04/21/13

Insects and other foods the trout
should be eating:
Hatching:
1.    BWOs (Little BWOs)
2.    Little Brown Stoneflies
3.    Blue Quills
4.    Cinnamon Caddis (mostly Abrams)
5.    Hendricksons/Red Quills
6.    Little Short-horned Sedges
7.    American March Browns

Most available - Other types of food:
8.    Sculpin, Minnows (Streamers)





This Week's Featured Trout Food - Cinnamon Caddis
The Cinnamon Caddisflies, or Cinnamon Sedges whichever name you prefer, are the most common
caddisflies found in the Eastern United States. They have a very long hatch period that last up to three
months on some streams. It's a net-spinning caddisfly that is found in tailwaters, some spring creeks and
many freestone streams including the streams of the Smokies. Imitations of this caddisfly is a must for
Eastern trout anglers.

On most trout streams in the nation, the
ceratopsyche species and the very similar hydropsyche species,
would represent the majority of the caddisflies available for trout to eat. In some streams they would even
represent the majority of the food the trout have to eat. This is especially true of tailwaters or any stream
with a higher pH level.

These caddisflies need plankton to survive and acidic, freestone streams that don't have a lot of plankton is
about the only trout streams that don't have them in decent quantities. Of course, this includes most of the
streams in the Smokies with the exception of Abrams Creek. It has plenty of them. All the streams in the park
have a few of them but they are much more plentiful where the pH levels are not so low. To make this simple
for you, consider this. If you find the rocks in the stream you are fishing are slick and you have trouble
wading without slipping down, you can be assured that there will be a good population of net-spinning
caddisflies. In the Eastern United States and parts of the Mid-west, most of these net-spinners will be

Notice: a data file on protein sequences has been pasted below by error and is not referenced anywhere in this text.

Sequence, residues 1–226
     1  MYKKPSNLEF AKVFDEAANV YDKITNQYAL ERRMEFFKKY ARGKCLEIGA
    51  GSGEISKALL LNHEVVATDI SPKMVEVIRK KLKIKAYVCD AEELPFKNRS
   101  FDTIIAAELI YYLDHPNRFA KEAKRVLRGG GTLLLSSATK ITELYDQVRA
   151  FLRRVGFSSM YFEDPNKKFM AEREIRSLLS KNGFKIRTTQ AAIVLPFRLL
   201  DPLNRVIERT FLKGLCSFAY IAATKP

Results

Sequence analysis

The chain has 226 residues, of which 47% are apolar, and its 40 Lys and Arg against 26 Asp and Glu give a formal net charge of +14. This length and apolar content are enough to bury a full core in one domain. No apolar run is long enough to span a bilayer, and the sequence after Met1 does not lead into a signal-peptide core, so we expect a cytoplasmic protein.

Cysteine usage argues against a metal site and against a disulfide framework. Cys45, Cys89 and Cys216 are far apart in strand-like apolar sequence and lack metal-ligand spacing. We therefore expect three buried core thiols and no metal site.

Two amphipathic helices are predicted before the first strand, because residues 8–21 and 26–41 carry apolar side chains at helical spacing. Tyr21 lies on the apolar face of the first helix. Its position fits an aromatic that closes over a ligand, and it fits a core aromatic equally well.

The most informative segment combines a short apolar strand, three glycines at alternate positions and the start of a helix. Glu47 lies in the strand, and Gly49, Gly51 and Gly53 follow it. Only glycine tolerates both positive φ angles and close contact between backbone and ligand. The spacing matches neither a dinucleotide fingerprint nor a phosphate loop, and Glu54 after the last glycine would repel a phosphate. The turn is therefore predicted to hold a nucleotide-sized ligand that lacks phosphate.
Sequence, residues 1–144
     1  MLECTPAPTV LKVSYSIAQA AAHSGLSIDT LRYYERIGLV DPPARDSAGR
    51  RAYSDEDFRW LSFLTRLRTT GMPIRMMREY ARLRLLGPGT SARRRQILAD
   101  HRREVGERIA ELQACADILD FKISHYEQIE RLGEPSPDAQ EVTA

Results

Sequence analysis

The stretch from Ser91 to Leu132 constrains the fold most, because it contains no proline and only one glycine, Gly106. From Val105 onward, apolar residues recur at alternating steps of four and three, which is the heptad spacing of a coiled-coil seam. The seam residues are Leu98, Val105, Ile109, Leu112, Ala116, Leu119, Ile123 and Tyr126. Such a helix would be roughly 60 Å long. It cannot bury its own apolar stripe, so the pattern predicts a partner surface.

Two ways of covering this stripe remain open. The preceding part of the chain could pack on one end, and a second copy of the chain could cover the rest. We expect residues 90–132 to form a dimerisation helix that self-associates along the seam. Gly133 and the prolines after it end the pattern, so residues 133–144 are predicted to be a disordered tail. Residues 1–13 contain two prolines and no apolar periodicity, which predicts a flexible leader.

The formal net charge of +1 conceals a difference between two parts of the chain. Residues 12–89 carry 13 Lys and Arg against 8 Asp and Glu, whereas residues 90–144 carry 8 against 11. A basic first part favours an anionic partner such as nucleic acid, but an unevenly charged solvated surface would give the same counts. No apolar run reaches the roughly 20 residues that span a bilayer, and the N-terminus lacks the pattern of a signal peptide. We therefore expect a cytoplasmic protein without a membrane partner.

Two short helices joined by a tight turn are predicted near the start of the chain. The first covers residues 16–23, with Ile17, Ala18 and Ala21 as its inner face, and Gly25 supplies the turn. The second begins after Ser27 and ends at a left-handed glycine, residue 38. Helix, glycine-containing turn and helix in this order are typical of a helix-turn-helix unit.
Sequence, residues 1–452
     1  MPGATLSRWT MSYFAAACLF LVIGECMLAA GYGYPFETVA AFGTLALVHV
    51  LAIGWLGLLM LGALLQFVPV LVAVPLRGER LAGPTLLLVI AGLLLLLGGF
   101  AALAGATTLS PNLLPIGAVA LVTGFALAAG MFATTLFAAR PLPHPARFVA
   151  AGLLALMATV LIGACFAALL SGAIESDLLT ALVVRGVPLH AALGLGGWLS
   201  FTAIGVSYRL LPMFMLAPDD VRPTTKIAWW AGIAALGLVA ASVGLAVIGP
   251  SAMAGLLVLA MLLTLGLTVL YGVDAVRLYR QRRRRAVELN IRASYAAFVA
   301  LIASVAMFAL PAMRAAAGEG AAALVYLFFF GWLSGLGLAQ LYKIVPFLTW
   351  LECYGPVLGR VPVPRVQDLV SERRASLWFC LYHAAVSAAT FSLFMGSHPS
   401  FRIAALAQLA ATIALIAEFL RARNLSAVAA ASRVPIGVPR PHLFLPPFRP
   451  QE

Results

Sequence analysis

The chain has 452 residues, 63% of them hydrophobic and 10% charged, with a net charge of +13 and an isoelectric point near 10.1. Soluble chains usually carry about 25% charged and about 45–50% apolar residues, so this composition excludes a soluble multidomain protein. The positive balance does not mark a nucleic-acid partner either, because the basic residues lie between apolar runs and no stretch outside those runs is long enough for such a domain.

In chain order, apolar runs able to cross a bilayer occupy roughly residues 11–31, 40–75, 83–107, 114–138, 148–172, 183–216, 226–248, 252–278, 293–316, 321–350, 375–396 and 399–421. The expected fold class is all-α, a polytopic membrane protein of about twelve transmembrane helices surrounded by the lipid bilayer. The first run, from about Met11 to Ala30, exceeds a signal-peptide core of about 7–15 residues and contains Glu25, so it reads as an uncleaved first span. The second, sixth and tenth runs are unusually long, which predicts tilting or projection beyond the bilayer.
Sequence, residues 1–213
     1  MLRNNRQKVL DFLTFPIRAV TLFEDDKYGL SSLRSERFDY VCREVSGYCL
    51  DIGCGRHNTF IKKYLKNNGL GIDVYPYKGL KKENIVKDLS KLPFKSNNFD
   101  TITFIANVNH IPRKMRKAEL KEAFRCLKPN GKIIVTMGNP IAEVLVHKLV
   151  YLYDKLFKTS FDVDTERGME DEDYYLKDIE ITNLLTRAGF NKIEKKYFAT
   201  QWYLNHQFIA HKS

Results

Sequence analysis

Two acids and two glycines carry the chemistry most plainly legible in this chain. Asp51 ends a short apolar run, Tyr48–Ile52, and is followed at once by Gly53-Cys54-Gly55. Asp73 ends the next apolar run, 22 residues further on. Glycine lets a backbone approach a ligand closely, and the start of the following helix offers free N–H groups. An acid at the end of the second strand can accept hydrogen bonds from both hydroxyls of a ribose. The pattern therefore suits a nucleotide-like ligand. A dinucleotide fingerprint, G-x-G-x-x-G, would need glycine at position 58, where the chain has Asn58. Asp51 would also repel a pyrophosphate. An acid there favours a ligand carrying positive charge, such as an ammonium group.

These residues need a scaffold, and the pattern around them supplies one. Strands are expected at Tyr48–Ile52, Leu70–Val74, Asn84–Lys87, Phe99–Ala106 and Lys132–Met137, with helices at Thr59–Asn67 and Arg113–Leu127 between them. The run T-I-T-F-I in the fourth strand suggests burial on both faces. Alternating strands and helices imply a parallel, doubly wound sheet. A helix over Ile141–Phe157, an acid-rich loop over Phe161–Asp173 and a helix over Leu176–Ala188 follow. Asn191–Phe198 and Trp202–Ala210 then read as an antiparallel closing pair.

species of the
ceratopsyche genus of caddisflies. There are many species of them in this genera but they
are all very similar.

The different species hatch at different times from about the middle of April until the middle of September,
depending on what part of the nation you are fishing. A big reason for their importance is the fact trout eat
them in three stages of their life. They eat the larva, pupa and adults. This means the Cinnamon Caddisflies
are available for the trout to eat most of the time. The larvae don't build cases as such, rather shelters. They
expose themselves on silk lines extended from near their shelters to enable them to feed. They catch their
food in tiny nets that filter the water.

The larvae build tiny nets on rocks that catch their food in the current. They look similar to an open
parachute except they are spread out in a horizontal directions against the current.. Sometimes the larvae
are in a shelter they have built near the net and sometimes they are strung out from their shelter a few
inches on a silk line. They are very much available for the trout to eat.

The pupae of the Cinnamon Caddisflies swim to the surface to hatch. They are fully exposed and very
available for the trout to eat at that time. This is the best time to imitate the Cinnamon Caddisflies because
the pupae are completely defenseless and trout eat them like humans eat popcorn and peanuts.

The adult Cinnamon Caddisflies, whichever name you prefer, become most important when the females are
depositing their eggs. They do this two different ways. They deposit them on the surface of the water or by
diving to the bottom to paste their eggs on rocks. We think this depends on the particular species of which
there are many.
Copyright 2013 James Marsh
New Schedule of Daily
Articles
Mondays: Weather and Stream
Conditions Forecast - Coming Week
Tuesdays: Fly Fishing Strategies -
Which Flies To Use - Coming Week
Wednesday: Fishing Tales
Thursday: Smoky Mountains Fishing
Report
Friday: Getting Started
Saturday: Fly Fishing School
Sunday: This Week's Featured Trout
Food
More Options For Selecting Flies:
1.
Email us with the dates you will be
fishing the park and we will send
you a list of our fly suggestions.
Please allow up to 24 hours for a
response.

2. Call us at 800-594-4726 and we
will help you decide which flies you
need.

3. Call or email us with a budget for
flies and we will select them and get
them to you in time for your trip.

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Perfect Fly Cinnamon Caddis Larva
Perfect Fly Cinnamon Caddis Adult
Perfect Fly Cinnamon Caddis Pupa